Calvin Parker, Jr

Calvin Parker Jr., stands in the area where he claims to have been abducted by a UFO along with fellow Mississippian Charles Hickson, on the banks of the Pascagoula River on Oct. 11,1973, making international headlines. (AP Photo/Gerald Herbert)

Any day now I should get a sense of the comeuppance I've got coming from another dimension.

Things started turning against me last year when President Donald Trump signed a pandemic relief package with a caveat tucked inside: as soon as this week we may know everything the government knows about UFOs, after a series of videos showing spacecraft zipping about left respected national leaders, from Hillary Clinton to Marco Rubio, wanting to know more.

Creating a space force had to be based on something — and that something hovers over my career. The truth is out there.

“Next time send a journalist instead of a comedian.”

That was the message my editor had waiting for him that morning in 1992 after I spent the day and most of the night with UFO investigators. The Pentagon is taking flying saucers seriously now, but I didn't back then.

For a while, I was persona non grata with Northwest Florida's Mutual UFO Network chapter, because every conspiracy needs a shady figure, a cynic who just wouldn’t listen. That was me.

Gulf Breeze had been reeling after photos surfaced of a little-too-perfect UFO glowing above Ed Walters' yard, the first of more than 100 sightings and abductions he claims to have experienced over the next six years, as he wrote three books and became a convention speaker. I convinced him to speak to my Rotary Club, but soon after he stopped talking to reporters, especially if they're named Joey Bunch.

I joined up with "UFO investigators" who ate sandwiches and drank coffee at Shoreline Park, which "Roadside America" calls a "UFO Mecca." 

If you sit on the beach with strangers looking into a starry abyss long enough, a zinger or two is bound to pass through your mind.

 “You know what E.T. stands for?” I asked at about 2 in the morning. “ ‘End this,’ I want to go home.”

I’ve had a joke bomb before, but that one went down like a weather balloon in Roswell.

FBI Special Agent Fox Mulder was on the same case to write an essay about the Panhandle encounter for Omni magazine under a fake name, as was alleged on “The X-Files” in 1993.  

"When I first saw the Gulf Breeze photos, I knew they were a hoax,'' said Mulder, sounding like me.

Unless these flying Tic Tacs turn out to be drones, then the last laugh will be on the two of us.

On the other hand, if they're as advanced as "Ancient Aliens" has led me to believe, then they could have colonized this planet already. I've got my eye on a couple of legislators, who might have their eye on me.

A decade after my MUFON dustup, I was putting the Gulf Coast behind me when I drove from Gulfport to Colorado to start a new life. I stopped in Roswell for a T-shirt and to see a reenactment of an alien autopsy, and it crossed my mind that I shouldn’t mention my name. “I’ve heard of you,” they might say. “You’re that eye roller.”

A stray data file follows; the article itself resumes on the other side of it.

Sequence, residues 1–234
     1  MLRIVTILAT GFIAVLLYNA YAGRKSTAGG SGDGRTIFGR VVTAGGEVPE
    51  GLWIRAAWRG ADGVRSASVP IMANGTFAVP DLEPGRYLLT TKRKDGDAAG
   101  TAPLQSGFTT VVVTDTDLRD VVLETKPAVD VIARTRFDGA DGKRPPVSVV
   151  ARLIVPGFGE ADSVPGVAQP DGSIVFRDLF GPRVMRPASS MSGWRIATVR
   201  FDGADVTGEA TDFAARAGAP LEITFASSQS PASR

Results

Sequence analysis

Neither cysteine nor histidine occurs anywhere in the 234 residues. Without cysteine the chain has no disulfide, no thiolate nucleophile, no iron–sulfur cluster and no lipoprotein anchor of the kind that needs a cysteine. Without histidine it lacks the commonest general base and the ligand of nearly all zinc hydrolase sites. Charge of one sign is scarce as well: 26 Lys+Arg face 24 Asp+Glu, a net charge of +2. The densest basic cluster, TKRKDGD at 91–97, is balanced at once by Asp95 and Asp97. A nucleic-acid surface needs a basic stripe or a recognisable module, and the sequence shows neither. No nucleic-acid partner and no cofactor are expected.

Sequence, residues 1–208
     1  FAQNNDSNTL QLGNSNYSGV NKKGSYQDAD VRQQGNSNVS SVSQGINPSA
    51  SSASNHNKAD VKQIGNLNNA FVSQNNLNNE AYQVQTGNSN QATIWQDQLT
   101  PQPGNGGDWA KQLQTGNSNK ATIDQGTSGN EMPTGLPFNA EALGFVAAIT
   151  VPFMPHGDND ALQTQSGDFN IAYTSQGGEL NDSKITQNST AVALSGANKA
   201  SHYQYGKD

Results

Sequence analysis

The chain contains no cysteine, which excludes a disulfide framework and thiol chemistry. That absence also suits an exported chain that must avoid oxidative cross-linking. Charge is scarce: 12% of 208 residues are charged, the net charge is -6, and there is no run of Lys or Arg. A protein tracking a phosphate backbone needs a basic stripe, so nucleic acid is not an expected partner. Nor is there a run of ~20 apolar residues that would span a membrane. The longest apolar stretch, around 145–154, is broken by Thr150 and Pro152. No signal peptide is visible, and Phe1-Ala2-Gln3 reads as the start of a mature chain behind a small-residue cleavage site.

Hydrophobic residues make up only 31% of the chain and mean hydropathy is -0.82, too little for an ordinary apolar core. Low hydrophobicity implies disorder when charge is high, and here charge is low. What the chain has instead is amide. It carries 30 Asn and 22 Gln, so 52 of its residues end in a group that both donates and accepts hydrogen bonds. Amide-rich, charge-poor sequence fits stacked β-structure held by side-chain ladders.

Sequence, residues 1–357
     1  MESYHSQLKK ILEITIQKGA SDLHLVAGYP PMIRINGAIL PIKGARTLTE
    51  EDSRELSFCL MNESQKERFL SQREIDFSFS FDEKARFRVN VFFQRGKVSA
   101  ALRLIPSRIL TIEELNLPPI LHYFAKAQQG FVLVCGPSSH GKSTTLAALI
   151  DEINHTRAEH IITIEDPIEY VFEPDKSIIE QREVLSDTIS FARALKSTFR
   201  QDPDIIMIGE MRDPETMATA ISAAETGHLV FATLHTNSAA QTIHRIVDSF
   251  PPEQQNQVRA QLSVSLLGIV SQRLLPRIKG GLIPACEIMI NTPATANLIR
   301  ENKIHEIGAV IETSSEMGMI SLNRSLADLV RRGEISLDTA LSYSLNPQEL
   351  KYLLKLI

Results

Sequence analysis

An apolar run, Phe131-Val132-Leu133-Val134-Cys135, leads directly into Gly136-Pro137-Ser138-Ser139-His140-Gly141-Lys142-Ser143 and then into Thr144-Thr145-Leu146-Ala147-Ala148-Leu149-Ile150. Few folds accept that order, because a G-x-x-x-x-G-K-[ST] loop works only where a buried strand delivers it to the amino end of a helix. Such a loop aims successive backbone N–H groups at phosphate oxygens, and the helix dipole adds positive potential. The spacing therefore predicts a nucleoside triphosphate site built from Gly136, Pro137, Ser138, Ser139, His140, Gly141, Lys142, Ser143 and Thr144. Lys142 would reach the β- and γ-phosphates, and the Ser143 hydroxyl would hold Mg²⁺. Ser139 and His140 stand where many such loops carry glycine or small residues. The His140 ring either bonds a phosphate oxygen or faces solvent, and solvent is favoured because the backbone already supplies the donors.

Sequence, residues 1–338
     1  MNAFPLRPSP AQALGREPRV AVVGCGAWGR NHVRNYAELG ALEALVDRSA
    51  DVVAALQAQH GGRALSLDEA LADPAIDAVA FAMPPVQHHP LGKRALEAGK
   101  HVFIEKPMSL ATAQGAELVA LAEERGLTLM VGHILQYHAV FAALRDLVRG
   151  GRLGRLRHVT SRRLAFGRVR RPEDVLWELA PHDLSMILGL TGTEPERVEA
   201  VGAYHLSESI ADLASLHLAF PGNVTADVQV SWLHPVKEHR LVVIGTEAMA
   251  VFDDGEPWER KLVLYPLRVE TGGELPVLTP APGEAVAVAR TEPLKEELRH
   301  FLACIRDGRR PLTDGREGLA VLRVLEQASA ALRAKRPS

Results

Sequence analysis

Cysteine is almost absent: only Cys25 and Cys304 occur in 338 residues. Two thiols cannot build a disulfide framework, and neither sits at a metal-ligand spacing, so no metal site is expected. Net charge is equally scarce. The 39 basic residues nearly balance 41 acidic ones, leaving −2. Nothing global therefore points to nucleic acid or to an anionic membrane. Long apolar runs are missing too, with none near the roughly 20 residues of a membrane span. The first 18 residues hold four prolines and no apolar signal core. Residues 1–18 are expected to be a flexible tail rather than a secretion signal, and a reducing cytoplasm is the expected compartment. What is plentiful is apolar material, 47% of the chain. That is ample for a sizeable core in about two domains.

I was jaded before I ever got to Gulf Breeze.

Three years before that, I was the sports editor of a small daily paper in northeast Alabama, when people in the greater Fyffe community spotted low-flying aerial phenomena for several nights in a row in early February. I covered high school basketball games, so I kept film in my camera, just in case.

Driving home in the pitch darkness of a Deep South winter night, you think of a flying saucer like a tornado; you'd prefer to see it passing by, not coming at you.

It seemed odd that a civilization advanced enough to travel across time and space would spend any time at all in Fyffe, which had one blinking yellow light, a locally owned restaurant, a gas station with a convenience store and a high school. Each August some 30-odd years later, you can still attend Fyffe UFO Days for a balloon ride, a funnel cake and a Barney Fife impersonator. 

Fyffe left me with this: Not everybody who sees a UFO is a crackpot, but, yeah, most of them are. Once you're probed with that impression, it never leaves.

I thought I saw Elton John buying a 40-ounce bottle of Miller Lite from a Tom Thumb store in Milton, Florida. Accent, outlandish glasses, he drove away in a nice car. My friends said no, which made me want to believe it more. Extraterrestrials are a lot like the Rocket Man.

I'm not alone in my skepticism. Denver had its chance to form a welcoming committee, you probably don't recall.

The city was preparing to host the Democratic National Convention in 2008, when a bunch of us gathered to talk about strange beings in the Student Union Building on the Auraria campus.

A UFO expert talked up a ballot initiative to form a Denver Extraterrestrial Affairs Commission to put out the welcome mat for when the mothership lands. 

“If the people will lead, the politicians will have to follow,” Steven Greer, founder and head of The Disclosure Project, told the crowd.

Only 17.6%, that's 31,108 Denverites, voted for it.

Now it's the politicians, starting with Trump, who are leading the world into the great unknown.

I'm bracing to be disappointed again.

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